Table of Contents
A. Get familiar with a variety of chart typesSometimes all you need is a chart, one that visualizes your information and makes a point. But which chart should you choose? Creating the right chart can be difficult, especially when the choices involve so many different chart types. Well, in this section, you’ll get familiar with a variety of chart types.
- Column and bar charts
- Line and area charts
- Pie and doughnut charts
- Stacked charts
- Combination charts
- Bubble and scatter (XY) charts
- Market share charts
- Pareto charts
1. Column and bar chartsColumn charts are used to compare data from similar categories. For example, sales by month or sales by region. They compare this data over time. Each column in the chart represents a specific category. The category’s value is represented by the length of a column, and the columns all begin at the same value. This way, users can easily see differences in values among categories or differences in value over time. Bar charts convey information to help you compare the values of different categories. These charts use bars of equal width with lengths proportional to the values they represent. This makes comparing across categories easier. One axis plots categories and the other axis represents the value scale.
2. Line and area chartsA line chart is a form of charting where you use a line to connect points that correspond to data values. Line charts often illustrate trends or changes over time. They are the most common type of chart for illustrating changes in data over time. Next, an area chart is like a line chart in that it shows changes in data over time. An area chart, however, uses bars instead of lines to connect the data points with the x-axis values. In addition, each bar includes color as well as filled space. This can give a visual representation of overall change within a time frame.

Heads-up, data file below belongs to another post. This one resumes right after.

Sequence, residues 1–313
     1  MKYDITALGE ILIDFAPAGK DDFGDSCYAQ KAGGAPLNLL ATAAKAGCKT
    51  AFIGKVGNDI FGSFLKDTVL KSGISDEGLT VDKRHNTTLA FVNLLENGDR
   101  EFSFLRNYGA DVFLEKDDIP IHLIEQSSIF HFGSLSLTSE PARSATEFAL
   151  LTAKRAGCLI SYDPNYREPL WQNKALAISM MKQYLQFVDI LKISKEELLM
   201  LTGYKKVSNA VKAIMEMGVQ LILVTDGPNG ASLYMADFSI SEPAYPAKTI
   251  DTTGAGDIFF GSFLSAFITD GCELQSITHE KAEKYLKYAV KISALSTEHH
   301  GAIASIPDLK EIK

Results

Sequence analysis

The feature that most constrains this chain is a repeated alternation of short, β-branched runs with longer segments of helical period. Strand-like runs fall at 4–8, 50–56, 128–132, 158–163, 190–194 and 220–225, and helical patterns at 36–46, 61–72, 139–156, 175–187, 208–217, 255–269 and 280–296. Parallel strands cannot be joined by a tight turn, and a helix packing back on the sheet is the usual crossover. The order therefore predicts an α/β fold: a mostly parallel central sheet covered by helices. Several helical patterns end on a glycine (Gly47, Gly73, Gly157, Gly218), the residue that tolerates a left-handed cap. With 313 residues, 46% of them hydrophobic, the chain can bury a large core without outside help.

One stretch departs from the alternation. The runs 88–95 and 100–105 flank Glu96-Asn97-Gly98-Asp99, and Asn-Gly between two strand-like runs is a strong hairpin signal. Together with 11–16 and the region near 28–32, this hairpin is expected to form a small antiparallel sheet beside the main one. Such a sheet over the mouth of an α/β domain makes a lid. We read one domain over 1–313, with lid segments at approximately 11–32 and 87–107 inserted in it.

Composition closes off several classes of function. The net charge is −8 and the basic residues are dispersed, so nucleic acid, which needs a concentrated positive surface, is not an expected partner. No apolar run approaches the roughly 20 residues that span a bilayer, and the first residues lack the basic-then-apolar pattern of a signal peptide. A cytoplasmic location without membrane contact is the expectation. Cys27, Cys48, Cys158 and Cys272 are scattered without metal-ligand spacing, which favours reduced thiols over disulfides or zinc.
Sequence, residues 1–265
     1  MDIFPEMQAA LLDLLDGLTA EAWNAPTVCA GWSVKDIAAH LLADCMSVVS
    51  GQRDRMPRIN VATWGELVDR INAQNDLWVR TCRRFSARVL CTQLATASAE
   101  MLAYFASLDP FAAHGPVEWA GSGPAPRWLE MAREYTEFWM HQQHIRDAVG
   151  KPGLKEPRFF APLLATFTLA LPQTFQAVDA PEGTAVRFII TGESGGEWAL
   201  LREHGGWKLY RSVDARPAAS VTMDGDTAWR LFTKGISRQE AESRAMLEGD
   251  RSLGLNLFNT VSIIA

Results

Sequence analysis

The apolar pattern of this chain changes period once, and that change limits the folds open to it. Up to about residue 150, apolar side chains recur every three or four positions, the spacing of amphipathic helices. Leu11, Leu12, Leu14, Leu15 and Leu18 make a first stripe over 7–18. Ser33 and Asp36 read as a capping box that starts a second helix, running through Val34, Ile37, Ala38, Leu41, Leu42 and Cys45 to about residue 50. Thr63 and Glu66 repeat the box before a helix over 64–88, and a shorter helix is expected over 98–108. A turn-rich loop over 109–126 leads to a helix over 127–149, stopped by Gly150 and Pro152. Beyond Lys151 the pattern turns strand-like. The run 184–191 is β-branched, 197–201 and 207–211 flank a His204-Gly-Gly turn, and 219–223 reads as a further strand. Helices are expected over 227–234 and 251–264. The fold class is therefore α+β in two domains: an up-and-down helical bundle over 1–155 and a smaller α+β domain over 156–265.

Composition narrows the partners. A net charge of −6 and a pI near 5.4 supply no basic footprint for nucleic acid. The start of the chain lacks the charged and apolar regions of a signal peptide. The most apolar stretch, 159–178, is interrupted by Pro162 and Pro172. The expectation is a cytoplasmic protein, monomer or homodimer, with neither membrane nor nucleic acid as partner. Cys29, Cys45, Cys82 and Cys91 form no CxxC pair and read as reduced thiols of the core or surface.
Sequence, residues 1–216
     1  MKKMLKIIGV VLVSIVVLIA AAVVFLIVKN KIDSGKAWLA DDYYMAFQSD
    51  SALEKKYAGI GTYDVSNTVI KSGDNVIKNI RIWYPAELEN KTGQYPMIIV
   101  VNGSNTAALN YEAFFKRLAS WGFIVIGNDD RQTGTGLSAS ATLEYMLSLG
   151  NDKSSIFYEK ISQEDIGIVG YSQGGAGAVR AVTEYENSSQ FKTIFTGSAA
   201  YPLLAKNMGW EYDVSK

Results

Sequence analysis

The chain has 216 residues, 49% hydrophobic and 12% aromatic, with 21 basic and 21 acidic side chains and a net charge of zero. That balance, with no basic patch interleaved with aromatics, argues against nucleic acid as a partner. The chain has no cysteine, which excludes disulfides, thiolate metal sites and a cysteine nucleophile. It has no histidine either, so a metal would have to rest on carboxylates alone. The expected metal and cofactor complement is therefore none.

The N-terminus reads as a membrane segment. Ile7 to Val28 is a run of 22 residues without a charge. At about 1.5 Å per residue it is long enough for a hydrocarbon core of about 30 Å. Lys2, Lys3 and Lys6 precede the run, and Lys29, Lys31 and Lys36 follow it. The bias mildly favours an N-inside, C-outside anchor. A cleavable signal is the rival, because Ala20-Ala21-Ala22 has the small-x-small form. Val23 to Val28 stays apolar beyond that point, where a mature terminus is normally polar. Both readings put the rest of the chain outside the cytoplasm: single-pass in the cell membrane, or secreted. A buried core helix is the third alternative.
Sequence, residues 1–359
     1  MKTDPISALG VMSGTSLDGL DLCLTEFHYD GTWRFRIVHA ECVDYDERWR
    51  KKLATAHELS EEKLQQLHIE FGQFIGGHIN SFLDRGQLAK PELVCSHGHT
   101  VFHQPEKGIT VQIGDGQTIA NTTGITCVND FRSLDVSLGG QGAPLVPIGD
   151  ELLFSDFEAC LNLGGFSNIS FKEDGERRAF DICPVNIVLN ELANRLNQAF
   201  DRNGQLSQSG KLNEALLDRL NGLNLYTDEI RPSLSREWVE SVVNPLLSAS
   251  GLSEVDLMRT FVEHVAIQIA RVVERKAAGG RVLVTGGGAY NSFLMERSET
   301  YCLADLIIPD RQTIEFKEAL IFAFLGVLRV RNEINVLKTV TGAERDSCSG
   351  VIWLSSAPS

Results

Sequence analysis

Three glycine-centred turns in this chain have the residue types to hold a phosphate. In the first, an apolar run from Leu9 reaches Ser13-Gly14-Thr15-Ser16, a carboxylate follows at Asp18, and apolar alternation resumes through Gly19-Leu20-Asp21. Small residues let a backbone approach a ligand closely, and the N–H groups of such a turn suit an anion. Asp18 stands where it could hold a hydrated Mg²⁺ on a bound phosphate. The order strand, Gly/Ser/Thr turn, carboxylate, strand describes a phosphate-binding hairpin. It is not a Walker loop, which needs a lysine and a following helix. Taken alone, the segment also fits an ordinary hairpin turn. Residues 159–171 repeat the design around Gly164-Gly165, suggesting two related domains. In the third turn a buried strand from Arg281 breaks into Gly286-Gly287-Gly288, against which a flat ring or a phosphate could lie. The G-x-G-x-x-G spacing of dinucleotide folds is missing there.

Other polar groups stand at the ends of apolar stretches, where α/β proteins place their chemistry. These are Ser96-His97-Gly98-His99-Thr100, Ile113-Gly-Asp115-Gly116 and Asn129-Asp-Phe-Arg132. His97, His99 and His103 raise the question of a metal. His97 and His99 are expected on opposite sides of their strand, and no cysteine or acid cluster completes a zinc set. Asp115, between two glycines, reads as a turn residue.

3. Pie and donut chartsAfter that, a pie chart is a circular graph divided into segments. Pie charts compare parts to the whole. The number and size of similar values in a data set determine each segment’s size. The length of a slice’s arc on the graph’s perimeter represents the percentage value of the variable. Radial lines connect the arcs to the circle’s center. Then, a doughnut chart is a graphical representation of data. It uses a pie chart, but instead of a circle in the middle, it has an empty space. The space generally shows important information about the chart. You can highlight information by “slicing out” different portions of the doughnut.